In the second session, you will learn how to handle recruitment fee disputes professionally and ethically to preserve goodwill, reputation, and to improve payment outcomes.

You’ll learn about:

  • common causes of recruitment fee disputes
  • common defences to recruitment fee claims
  • traps to avoid when involved in disputes
  • RCSA Code of Conduct and Grievance Intervention Guidelines
  • pathways to resolution
  • the benefit of early intervention.

 

I hope you’ll join me. And if you have questions about the topic, please feel free to send them to me ahead of the event.

 

Andrew C. Wood, Hon FRCSA (Life)

 

 

 

Gender & Intersectional Identity in Grievance Intervention & Professional Conduct Review

My Post-Law transition is leading me into deeper reflection about the work that I do in the field of professional conduct grievance intervention, and I’d really like to get some feedback on an issue I’m grappling with at the moment.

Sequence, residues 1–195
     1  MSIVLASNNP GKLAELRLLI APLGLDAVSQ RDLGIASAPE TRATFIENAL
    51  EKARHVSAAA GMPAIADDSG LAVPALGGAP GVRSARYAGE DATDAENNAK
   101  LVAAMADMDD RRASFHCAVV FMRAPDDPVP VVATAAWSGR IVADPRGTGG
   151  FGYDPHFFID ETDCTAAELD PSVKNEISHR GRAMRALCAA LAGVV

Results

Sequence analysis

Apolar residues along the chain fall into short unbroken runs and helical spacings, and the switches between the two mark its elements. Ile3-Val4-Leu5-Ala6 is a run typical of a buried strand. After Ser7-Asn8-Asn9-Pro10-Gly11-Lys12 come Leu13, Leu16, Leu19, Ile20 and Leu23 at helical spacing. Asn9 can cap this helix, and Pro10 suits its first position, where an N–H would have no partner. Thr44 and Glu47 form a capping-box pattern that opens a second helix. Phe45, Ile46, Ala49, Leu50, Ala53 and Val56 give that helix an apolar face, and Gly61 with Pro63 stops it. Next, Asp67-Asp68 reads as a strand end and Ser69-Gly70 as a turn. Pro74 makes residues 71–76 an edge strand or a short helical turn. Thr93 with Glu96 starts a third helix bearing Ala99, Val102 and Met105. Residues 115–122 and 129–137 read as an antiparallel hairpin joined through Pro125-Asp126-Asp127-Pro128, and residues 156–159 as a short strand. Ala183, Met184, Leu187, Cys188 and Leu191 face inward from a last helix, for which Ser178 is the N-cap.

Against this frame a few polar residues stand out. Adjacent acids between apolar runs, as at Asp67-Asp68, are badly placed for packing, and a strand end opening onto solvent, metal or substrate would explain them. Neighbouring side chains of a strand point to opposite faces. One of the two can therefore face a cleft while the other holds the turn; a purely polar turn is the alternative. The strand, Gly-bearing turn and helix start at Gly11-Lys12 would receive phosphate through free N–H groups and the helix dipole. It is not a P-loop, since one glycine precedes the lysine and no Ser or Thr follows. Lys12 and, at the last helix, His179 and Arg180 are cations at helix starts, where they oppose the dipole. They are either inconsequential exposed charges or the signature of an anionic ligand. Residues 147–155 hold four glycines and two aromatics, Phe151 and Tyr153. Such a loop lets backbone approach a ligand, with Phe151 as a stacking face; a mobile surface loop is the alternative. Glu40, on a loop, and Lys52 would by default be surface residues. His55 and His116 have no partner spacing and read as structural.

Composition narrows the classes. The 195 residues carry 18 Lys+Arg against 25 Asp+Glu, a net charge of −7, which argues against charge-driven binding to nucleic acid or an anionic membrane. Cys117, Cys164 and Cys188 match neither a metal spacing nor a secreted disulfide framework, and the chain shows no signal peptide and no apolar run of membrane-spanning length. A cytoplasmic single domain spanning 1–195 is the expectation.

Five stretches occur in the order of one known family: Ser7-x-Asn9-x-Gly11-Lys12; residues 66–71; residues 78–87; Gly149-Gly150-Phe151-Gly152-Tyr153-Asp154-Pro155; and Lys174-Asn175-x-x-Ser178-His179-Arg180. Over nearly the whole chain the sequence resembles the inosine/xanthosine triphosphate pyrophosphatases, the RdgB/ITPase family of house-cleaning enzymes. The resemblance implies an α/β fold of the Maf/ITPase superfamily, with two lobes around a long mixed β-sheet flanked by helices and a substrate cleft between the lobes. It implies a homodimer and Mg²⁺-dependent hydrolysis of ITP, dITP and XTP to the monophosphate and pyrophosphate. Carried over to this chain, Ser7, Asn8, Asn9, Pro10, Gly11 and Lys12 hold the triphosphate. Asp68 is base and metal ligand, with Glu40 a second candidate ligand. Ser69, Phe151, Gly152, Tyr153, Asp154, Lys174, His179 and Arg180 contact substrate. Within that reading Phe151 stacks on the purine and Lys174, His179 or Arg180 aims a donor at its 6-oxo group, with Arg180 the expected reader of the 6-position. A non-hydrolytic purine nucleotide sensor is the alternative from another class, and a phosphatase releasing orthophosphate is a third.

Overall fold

Many professional conduct review programmes allow grievants to request anonymity or pseudonymity when their grievances escalate to a professional conduct review panel. No problem with that. It protects privacy and allays fears of victimisation.  But here’s the thing…

It’s considered good practice to redact all identifying information. Typically, I’d redact name, address, contact details… that sort of thing.  It’s also common to redact gender identifying pronouns – his/her; she/he. And that’s what I’m wondering about.

By redacting gender identifying pronouns, might we be erasing something significant? Are there gender or other intersectional overlays to conflicts that should be preserved? I don’t mean in discrimination complaints – gender identity is clearly a material issue there – but in other cases, for example, cases involving more subtle power imbalances between parties to a grievance that might colour conduct that could be characterised as bullying, unprofessional, or disrespectful?

My present thought is that it might be best to let the parties choose whether they want to disclose their gender identity – with the assistance of an explanation about why it could be significant in the circumstances of their grievance.

So, if you were sitting on a professional conduct review panel, are there cases where you would be assisted by knowing the gender identity of the parties? And if so, what sort of cases might they be?

I’d really like to hear your views.

 

Andrew C. Wood